Thanks for reading!
A “power” is an authority to act, whereas a “duty” is an obligation. A duty of an estate trustee compels her to act, or prohibits her from acting in certain situations. A power, on the other hand, allows her to act in a certain way, subject to her discretion.
An estate trustee faces potential personal liability from unauthorized actions in the administration of an estate. Although, generally a will prescribes specific powers and duties for an estate trustee when it comes to the administration of the estate, there may also be a situation which the will simply does not contemplate.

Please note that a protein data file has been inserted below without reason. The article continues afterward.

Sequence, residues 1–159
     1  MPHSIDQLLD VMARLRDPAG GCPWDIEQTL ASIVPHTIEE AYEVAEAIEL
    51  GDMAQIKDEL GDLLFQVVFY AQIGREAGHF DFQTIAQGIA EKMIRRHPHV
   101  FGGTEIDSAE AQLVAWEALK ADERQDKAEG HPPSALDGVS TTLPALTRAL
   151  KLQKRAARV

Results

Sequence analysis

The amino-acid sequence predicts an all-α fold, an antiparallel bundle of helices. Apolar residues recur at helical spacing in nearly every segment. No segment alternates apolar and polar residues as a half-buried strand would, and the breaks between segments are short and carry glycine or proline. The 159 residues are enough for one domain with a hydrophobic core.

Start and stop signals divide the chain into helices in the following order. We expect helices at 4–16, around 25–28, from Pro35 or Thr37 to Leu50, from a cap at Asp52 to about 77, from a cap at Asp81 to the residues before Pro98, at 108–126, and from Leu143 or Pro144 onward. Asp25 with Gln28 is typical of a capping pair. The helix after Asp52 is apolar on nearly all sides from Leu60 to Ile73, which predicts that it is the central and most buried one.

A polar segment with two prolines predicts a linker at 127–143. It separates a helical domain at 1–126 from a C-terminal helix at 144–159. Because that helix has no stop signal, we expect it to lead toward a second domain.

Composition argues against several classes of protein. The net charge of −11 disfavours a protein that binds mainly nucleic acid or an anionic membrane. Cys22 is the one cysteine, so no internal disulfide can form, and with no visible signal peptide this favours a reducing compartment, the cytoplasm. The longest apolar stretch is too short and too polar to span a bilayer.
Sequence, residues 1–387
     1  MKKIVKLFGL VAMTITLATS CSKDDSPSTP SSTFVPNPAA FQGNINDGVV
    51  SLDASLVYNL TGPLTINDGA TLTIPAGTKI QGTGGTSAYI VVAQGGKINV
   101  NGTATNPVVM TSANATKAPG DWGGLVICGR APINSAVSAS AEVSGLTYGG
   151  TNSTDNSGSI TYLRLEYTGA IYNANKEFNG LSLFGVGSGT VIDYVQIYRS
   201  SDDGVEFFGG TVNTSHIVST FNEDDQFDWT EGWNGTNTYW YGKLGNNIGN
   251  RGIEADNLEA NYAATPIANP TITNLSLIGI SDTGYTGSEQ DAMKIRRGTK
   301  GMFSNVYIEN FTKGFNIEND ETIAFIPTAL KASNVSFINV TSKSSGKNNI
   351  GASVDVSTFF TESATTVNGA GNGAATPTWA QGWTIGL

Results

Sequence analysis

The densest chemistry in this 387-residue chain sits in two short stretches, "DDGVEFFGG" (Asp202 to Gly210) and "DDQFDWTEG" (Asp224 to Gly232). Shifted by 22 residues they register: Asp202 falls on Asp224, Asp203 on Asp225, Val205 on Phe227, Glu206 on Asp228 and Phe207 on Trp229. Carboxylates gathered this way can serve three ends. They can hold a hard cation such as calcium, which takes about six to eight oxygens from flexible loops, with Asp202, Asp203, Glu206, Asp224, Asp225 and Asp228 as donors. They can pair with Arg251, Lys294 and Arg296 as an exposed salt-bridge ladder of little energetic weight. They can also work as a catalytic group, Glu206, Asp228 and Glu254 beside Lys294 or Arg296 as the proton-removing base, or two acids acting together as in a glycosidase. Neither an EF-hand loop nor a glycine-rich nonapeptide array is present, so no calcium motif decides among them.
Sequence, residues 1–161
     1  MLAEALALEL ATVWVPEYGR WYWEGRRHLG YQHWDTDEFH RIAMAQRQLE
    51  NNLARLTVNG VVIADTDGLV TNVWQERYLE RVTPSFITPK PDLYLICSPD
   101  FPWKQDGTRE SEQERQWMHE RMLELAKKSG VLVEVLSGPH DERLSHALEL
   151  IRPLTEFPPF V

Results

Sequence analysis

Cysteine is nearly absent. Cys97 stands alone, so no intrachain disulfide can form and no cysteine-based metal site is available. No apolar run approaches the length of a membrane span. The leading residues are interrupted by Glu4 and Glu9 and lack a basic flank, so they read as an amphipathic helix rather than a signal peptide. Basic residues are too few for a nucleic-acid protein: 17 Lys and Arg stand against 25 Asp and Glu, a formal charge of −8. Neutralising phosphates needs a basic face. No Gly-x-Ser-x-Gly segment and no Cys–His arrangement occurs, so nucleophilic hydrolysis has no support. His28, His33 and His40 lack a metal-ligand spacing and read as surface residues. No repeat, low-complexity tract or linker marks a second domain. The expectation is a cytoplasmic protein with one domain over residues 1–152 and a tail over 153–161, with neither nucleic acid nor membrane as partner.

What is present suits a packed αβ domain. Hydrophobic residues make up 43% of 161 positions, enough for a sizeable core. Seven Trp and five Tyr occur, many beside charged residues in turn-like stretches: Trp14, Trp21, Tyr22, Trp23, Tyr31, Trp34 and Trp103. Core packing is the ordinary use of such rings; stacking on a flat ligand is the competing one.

As an estate trustee, or even as a beneficiary under such a will, how does one assess what an estate trustee can and cannot do?
The Trustee Act, RSO 1990, c. T23, as amended, is helpful in determining what an estate trustee’s powers and duties are, in the absence of a clear direction from a will.
It is not unusual for an estate trustee to be given discretion with respect to the exercise of administrative powers conferred to manage the estate. However, she may also be given the authority to allocate estate property to the beneficiaries. That kind of power is referred to as dispositive power or discretion and may require an estate trustee to do such things as, divide income and/or capital between beneficiaries at a time of her choosing.